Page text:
The general idea of a reader is that the West Coast of Africa is a land where the surf rushes in over the cast-up sand to where the dull olive-green of the weird-looking mangrove fringes the shore.

But between Cape Coast Castle and Accra, although the seashore lies flat for a few miles inland, it, for the most part, impressed Henty as a beautiful undulating country, with the hills rising occasionally from the very edge of the sea and attaining at times a thousand feet in height, the highest eminence in the neighbourhood being double that elevation.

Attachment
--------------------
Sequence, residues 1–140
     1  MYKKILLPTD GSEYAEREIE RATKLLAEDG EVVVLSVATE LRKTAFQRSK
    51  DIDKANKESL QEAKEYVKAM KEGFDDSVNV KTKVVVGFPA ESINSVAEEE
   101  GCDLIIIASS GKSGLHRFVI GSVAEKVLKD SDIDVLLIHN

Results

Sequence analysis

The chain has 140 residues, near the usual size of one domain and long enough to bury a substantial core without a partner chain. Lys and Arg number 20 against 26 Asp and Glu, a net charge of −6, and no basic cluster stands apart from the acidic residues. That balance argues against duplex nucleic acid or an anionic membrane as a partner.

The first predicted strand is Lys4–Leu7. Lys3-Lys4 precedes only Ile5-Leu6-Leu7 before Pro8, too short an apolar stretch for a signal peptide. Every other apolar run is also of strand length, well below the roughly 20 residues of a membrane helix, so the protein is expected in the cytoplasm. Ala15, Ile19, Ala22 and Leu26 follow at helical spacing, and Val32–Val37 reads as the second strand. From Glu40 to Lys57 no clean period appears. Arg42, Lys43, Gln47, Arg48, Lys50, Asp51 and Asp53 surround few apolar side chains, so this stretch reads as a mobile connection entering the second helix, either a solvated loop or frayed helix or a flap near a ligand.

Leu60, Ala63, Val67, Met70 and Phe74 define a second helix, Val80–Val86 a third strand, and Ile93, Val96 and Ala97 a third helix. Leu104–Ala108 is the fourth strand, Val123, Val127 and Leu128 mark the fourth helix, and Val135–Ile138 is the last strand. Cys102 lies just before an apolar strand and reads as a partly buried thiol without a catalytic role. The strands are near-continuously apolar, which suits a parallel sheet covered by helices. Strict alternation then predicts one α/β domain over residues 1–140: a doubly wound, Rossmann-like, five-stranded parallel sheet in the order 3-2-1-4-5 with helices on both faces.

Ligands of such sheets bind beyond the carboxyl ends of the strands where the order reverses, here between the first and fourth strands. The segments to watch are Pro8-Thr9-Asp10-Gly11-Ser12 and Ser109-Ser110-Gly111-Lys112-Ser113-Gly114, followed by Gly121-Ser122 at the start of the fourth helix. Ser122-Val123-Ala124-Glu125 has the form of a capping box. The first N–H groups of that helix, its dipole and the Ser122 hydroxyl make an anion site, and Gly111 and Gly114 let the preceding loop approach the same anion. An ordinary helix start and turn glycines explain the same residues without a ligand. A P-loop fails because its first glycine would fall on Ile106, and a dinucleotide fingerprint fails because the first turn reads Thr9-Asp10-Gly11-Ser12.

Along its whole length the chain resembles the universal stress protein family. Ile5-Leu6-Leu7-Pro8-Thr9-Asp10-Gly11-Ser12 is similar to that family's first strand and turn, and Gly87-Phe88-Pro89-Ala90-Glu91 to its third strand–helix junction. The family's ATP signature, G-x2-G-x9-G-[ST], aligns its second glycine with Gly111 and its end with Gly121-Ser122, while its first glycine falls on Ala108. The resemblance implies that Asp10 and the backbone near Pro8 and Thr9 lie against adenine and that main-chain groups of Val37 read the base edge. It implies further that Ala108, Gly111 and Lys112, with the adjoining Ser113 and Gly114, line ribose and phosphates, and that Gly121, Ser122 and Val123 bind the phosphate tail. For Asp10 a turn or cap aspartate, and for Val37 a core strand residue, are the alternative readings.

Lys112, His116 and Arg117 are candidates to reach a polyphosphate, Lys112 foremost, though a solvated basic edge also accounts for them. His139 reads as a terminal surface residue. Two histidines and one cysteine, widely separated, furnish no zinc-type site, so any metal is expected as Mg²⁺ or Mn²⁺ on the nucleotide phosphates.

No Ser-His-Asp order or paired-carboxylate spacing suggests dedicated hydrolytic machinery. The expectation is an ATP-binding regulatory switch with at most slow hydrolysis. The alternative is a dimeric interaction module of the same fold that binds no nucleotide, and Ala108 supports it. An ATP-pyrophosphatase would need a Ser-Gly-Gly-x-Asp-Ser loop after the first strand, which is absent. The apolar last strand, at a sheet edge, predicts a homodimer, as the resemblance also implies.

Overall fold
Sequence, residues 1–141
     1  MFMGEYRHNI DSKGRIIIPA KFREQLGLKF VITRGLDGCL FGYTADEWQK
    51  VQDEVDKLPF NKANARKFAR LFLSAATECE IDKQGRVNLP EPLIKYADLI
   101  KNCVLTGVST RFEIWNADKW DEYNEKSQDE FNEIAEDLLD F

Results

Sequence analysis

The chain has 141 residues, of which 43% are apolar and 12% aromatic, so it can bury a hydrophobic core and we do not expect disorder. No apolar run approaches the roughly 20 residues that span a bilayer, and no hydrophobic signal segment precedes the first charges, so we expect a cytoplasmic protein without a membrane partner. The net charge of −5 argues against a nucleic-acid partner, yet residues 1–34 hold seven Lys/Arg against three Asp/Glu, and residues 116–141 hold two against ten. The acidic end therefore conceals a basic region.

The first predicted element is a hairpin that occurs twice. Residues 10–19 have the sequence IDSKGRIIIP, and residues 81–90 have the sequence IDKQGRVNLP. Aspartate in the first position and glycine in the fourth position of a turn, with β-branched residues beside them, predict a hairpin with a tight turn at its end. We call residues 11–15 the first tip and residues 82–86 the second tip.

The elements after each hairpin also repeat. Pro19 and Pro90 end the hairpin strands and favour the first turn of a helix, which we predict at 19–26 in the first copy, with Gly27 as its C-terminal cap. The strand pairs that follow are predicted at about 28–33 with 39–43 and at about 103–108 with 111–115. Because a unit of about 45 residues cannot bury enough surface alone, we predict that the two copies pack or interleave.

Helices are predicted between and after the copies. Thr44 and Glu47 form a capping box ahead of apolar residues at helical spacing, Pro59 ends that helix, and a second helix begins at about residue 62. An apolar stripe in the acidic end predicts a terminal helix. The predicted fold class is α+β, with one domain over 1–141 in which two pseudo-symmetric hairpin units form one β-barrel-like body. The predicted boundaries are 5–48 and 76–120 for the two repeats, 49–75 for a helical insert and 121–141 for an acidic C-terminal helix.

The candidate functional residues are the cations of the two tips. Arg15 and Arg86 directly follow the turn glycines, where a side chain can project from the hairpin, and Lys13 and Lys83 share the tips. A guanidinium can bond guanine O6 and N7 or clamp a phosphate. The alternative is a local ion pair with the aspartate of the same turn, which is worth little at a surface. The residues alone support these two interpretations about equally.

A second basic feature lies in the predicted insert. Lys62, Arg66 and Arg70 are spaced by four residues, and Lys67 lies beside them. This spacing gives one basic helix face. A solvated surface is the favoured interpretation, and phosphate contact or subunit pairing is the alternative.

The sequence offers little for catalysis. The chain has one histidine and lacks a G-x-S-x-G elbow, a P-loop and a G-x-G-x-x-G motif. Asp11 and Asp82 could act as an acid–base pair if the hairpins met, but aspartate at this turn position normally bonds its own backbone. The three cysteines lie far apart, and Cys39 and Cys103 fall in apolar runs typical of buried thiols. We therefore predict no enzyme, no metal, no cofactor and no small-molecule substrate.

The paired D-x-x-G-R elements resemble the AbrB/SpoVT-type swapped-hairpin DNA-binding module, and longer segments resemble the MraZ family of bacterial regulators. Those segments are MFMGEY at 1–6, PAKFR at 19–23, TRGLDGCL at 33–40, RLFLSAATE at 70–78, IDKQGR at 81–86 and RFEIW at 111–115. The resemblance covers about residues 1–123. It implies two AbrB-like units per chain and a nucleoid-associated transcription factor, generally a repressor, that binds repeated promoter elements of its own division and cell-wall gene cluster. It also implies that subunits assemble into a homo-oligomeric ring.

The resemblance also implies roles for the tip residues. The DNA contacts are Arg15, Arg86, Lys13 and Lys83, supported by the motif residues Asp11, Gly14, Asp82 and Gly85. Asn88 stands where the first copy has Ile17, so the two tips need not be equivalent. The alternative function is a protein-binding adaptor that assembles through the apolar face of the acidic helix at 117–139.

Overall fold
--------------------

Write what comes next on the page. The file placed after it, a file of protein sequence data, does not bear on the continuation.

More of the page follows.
And yet, he says, this beautiful hilly portion of the coast is as unhealthy as, if not worse than, the low shores with their mango swamps. This evil repute is said to apply most strongly to parts where the land is rich in gold, and it deters the adventurous who are disposed to exploit the precious metal. There is no doubt about its presence, and abundance might be had, but gold is too dear at the cost of life; and though it might be considered that the native black would prove immune if employed at gold-digging, it has been demonstrated again and again that the fever – the malaria – that is set free as soon as the earth is disturbed, is just as fatal to the black as to the white. The latter, with a smattering of science, attributes it to the disturbance of the soil and the setting at liberty of the germs of disease buried therein, and points to the fact that where new plantations of coffee, cinchona, or india-rubber are being made almost anywhere in the Malay Peninsula, the effects are, at the first cultivation of the soil, precisely the same, though in time, when the ground has been stirred again and again, it becomes healthy.